Five Quick Hits: Tulsa dominates SMU 38-7

J.J. McDermott threw four interceptions and the SMU offense, usually a high-powered group that averages 431 yards per game, only had 265 yards of total offense. For the second week in a row, the Mustangs lost a conference road game, badly, and allowed their opponent to gain over 450 offensive yards.

1. First thing's first, this was a must-win games for both teams, as Tulsa and SMU are ranked second and third respectively behind Houston in the West Division of C-USA.

After making it to the conference championship last year and losing, SMU made this season's No. 1 goal to get back to that game and win it. With today's loss, there's a slim chance of that happening.

The Mustangs went into this two-game road stretch with a ton of momentum from emotional back-to-back wins over TCU and UCF, but they came out with two losses.

2. The main reason SMU lost Saturday was its own miscues, which started right after the first whistle:

On the first series of the game, Terrance Wilkerson let a ball from quarterback J.J. McDermott go through his arms, and that was followed by a short punt by Mike Loftus. On the Mustangs' next series, McDermott was intercepted. Then James Richardson fumbled a kickoff on the SMU 10-yard-line, Richard Crawford fumbled a punt on the 24, McDermott threw a lateral pass that was almost picked off and that was just the first half.

The Mustangs finished the game with six penalties for a loss of 72 yards and five turnovers, four of which were interceptions by McDermott.

3. McDermott had his worst performance of the year (worse than the Texas A&M game), completing just 17 of 37 passes for 180 yards and four interceptions. He led a nonexistent offense, one that is usually high-powered and averages 431 yards per game, to finish with a total of 265 yards.

The Run and Shoot was ineffective for the second consecutive week, not making any explosive plays downfield. And when that's the type of offense you run, big plays are how you win games.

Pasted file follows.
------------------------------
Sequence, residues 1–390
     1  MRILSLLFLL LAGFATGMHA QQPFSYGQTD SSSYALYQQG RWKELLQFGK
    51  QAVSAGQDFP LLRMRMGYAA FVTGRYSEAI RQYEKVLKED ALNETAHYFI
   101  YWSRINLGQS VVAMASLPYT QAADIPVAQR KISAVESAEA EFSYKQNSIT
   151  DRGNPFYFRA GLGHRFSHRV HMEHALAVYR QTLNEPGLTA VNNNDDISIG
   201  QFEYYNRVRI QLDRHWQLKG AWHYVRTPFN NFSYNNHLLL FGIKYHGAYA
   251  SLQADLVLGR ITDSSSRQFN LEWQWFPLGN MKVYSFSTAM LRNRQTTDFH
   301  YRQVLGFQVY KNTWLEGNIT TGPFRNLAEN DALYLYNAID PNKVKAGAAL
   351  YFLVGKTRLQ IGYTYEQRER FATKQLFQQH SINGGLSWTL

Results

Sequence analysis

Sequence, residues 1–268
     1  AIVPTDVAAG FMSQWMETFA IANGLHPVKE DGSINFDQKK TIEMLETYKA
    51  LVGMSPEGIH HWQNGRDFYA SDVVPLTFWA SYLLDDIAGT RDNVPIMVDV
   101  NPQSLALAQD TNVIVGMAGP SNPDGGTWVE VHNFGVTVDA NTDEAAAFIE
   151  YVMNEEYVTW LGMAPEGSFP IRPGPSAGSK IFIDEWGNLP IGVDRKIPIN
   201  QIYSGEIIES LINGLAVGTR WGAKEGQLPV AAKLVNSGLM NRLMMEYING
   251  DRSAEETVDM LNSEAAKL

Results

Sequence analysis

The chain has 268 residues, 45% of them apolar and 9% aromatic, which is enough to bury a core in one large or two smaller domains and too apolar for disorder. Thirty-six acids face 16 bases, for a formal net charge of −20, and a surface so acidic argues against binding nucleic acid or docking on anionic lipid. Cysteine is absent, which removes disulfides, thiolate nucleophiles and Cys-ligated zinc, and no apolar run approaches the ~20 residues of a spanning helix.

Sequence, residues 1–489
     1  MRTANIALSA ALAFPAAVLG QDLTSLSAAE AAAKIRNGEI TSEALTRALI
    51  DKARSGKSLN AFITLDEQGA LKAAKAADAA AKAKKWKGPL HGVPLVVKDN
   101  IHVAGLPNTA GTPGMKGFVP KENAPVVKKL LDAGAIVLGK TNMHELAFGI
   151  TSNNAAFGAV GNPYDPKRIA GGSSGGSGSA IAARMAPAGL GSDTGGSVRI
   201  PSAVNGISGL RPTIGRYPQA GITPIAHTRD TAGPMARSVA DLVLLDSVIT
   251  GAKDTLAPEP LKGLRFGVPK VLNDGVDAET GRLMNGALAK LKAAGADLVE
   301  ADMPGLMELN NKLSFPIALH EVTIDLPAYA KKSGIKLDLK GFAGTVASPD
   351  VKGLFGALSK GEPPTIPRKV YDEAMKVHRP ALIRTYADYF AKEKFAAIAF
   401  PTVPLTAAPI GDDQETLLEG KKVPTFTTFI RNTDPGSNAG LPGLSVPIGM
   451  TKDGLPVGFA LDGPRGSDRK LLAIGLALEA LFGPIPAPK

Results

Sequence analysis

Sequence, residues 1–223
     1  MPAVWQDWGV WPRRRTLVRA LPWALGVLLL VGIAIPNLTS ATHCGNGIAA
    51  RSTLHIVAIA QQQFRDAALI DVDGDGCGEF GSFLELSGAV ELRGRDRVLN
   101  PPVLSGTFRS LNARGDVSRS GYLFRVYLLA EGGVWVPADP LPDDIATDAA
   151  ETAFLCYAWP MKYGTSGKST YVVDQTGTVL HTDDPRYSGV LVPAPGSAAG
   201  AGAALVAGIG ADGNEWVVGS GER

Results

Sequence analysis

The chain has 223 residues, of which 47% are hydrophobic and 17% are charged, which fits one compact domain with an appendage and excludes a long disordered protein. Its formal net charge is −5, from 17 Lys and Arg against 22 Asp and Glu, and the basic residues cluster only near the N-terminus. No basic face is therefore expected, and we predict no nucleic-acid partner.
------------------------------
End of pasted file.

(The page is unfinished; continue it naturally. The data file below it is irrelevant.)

Overall, McDermott didn't look fundamentally sound, but it wasn't all his fault as the offensive line didn't protect him well enough and allowed three sacks.

And despite McDermott's uncharacteristic day, there was no one else June Jones could have put in as Kyle Padron didn't even make the trip due to a herniated disc from lifting weights, and redshirt freshman Stephen Kaiser doesn't have any game experience.

4. Did the defense really miss Taylor Reed? This week Kevin Pope, who was starting in Reed's place, explained exactly what they needed to do to stop Tulsa: contain quarterback G.J. Kinne in the pocket and stop the run. They knew exactly what to do, but could not do it.

Kinne went 24 of 33 for 274 yards and a touchdown. He also added 39 rushing yards and a rushing touchdown, and Tulsa racked up 451 yards of total offense.

Pope also said they needed to prevent receiver Willie Carter from exploding. He had 13 receptions for 173 yards and a touchdown.

5. Probably the most disheartening thing about this loss is that the SMU sideline seemed quiet the whole game. There was no one rallying the troops, no leader stepping up and pulling the team together. They had the look of, ‘Here we go again.'

SMU cannot get down or else they'll lose the rest of their games.

This isn't the type of performance teams trying to get invited into BCS conferences can afford to give.

Bonus Point:

A bright spot for SMU was Zach Line (as usual). He rushed for 118 yards, his 13th career 100-yard game, and a touchdown. He scored his 31st career rushing touchdown, tying Doak Walker for third-most in SMU history.

Tulsa didn't contain Line, but unfortunately for the Mustangs, that didn't matter.

For more SMU coverage, follow Laken Litman on Twitter!

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